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Curtin and Wide Open Agriculture unite to commercialise lupin technology

Media release

Curtin University and Wide Open Agriculture will team up to develop and deliver a new technology that has the potential to create a novel plant-based protein from Australian sweet lupins.

Lupin seeds

The new agreement allows Curtin and Wide Open Agriculture to work together to develop and commercialise the new technology, which aims to unlock the functionality of proteins found in the lupin seed, providing benefits for the increasing number of consumers who are reducing their meat intake, such as vegetarians, vegans, or those avoiding gluten and soy.

Lead researcher Associate Professor Stuart Johnson from Curtin’s School of Molecular and Life Sciences said that modified lupin protein is inexpensive, versatile and ‘clean and green’; and may stimulate the increased production of lupins as part of sustainable farming systems.

“Western Australia is the leading global producer of lupins, producing the majority of the world’s supply. Our research team was able to develop a technique to create a plant protein ingredient from the lupin crop, with new and valuable functionality as a food ingredient,” Associate Professor Johnson said.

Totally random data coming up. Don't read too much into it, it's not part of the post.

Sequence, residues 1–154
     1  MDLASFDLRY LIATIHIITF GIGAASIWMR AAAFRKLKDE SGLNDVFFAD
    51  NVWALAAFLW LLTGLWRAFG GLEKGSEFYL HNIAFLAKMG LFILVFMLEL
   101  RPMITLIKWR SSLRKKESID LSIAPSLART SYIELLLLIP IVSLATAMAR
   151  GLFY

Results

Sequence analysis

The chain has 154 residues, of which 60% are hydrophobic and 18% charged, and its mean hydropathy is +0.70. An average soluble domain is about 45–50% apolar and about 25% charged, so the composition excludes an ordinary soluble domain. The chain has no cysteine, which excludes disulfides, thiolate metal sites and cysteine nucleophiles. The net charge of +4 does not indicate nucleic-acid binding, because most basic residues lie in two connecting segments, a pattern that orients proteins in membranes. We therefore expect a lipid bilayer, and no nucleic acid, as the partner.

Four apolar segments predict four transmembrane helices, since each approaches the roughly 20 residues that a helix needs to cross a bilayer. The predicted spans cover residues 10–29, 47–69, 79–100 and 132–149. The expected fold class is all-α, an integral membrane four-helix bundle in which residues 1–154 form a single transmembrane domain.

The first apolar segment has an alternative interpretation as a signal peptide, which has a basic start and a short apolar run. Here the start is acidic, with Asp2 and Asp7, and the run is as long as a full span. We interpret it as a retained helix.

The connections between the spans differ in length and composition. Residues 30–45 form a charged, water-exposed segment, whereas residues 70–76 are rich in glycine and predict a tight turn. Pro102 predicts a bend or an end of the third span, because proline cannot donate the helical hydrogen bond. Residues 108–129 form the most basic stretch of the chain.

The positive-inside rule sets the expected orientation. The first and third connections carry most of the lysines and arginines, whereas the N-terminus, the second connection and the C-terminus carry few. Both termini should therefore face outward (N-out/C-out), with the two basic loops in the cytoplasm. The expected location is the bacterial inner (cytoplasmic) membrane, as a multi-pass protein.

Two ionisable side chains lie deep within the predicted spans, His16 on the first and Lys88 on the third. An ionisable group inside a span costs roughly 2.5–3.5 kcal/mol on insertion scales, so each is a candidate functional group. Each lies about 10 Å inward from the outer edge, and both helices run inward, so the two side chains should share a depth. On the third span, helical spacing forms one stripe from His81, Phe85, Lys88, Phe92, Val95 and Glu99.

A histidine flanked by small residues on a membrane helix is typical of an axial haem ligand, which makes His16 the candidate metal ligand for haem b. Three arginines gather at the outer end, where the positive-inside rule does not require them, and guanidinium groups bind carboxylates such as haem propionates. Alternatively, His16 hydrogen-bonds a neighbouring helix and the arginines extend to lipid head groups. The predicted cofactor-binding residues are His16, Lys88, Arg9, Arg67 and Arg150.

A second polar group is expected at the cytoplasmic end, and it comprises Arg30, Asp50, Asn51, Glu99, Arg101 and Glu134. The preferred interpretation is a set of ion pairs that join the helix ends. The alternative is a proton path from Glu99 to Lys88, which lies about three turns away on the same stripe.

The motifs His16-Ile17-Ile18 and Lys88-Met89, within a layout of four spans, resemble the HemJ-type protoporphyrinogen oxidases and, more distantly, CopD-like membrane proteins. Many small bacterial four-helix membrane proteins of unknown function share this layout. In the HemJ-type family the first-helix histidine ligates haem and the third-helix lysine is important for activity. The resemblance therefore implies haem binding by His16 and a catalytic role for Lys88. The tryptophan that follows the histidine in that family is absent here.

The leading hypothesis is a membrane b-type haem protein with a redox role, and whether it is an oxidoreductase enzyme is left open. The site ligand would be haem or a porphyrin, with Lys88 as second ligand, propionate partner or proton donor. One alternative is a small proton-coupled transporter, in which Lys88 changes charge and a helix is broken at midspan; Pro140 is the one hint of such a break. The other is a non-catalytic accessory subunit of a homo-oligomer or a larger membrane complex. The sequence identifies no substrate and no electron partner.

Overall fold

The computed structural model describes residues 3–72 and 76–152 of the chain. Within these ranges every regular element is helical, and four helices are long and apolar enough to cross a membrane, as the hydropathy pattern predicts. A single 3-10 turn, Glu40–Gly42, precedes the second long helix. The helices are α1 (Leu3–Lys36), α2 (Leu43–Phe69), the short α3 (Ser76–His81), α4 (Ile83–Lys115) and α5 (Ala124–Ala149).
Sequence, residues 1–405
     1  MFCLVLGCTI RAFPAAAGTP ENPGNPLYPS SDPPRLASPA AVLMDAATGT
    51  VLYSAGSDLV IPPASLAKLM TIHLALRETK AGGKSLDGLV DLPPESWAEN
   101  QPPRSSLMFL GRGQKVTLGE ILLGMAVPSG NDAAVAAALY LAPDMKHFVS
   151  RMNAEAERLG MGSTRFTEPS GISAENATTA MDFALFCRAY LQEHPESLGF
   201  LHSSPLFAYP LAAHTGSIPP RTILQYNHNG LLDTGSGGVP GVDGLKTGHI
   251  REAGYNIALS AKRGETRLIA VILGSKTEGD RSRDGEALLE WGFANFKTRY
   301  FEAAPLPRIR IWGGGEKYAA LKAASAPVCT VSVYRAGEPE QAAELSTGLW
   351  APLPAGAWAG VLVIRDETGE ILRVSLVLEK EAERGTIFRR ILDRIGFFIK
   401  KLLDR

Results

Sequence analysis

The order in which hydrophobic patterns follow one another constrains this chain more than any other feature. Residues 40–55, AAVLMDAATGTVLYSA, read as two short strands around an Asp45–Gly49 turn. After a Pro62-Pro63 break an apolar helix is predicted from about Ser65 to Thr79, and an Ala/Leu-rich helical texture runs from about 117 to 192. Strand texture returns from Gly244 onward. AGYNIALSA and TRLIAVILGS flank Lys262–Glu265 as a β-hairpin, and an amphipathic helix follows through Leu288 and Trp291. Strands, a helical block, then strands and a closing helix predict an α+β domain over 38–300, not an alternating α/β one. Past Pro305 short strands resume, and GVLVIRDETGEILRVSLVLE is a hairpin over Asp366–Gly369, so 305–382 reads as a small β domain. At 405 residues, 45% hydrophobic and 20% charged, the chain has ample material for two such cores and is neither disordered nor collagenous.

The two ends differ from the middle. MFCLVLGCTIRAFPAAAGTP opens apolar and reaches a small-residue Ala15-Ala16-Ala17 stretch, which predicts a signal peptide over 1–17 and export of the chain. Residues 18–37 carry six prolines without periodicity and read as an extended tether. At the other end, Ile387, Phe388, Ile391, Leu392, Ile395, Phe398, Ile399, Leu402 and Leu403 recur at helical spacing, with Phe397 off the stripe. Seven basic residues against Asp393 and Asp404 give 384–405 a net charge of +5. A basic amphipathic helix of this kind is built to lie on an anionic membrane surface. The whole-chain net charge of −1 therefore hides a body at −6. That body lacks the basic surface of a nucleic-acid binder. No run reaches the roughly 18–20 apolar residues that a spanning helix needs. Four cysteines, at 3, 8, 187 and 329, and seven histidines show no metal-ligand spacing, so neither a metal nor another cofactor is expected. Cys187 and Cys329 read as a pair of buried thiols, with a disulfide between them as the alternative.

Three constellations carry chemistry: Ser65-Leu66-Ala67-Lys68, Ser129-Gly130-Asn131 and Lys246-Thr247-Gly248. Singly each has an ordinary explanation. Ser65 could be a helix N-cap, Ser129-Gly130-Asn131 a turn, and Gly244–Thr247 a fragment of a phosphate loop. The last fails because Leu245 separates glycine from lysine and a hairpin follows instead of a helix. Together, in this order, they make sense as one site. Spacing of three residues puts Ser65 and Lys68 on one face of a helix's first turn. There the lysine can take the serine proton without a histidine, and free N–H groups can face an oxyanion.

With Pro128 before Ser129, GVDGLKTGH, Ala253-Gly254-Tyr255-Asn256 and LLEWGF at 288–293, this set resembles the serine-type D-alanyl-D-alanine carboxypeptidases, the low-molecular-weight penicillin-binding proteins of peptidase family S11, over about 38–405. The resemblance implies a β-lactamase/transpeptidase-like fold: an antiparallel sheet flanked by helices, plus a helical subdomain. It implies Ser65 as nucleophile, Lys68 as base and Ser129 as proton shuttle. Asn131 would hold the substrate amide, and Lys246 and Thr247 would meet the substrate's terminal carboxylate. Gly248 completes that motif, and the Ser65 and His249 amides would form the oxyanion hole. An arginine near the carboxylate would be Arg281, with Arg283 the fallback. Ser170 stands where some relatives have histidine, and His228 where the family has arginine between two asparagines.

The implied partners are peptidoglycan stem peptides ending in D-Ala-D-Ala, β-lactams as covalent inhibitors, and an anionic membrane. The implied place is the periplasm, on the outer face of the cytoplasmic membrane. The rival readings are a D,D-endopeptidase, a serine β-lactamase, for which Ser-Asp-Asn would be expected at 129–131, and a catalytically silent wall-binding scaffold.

“Given the growing global demand for plant-based protein food ingredients, this new technology could provide a cost-effective solution using lupin seeds that are grown right here in WA. The extracted protein from lupins could potentially be used in foods such as vegan pasta that is both high protein, and gluten/soy-free.

“We are delighted to sign this new agreement with Wide Open Agriculture and work closely with its team to ensure this new technology has a real-world, everyday application that will benefit farmers, food ingredient manufacturers and consumers alike.”

Wide Open Agriculture Managing Director, Dr Ben Cole said they are excited by the opportunity to join Curtin to deploy this locally-developed technology that offers immense potential to value-add to Western Australia’s lupin crop.

“Lupin is an extraordinarily good source of plant-based protein and yet only four per cent of lupins are currently consumed by humans,” Dr Cole said.

“Curtin’s technology represents an opportunity to create a novel plant-based protein that could elevate lupin into a rapidly growing sector of the food market.”

The team of researchers who developed the technology also include Curtin PhD candidate Hayder Al-Ali and Dr Mark Hackett from Curtin University, Professor Muhammad Gulzar from the Teagasc Food Research Centre in Ireland, and Dr Emmanuel Karakyriakos from Central Chemical Consulting Pty Ltd.

Further information on this lupin technology can be found online here.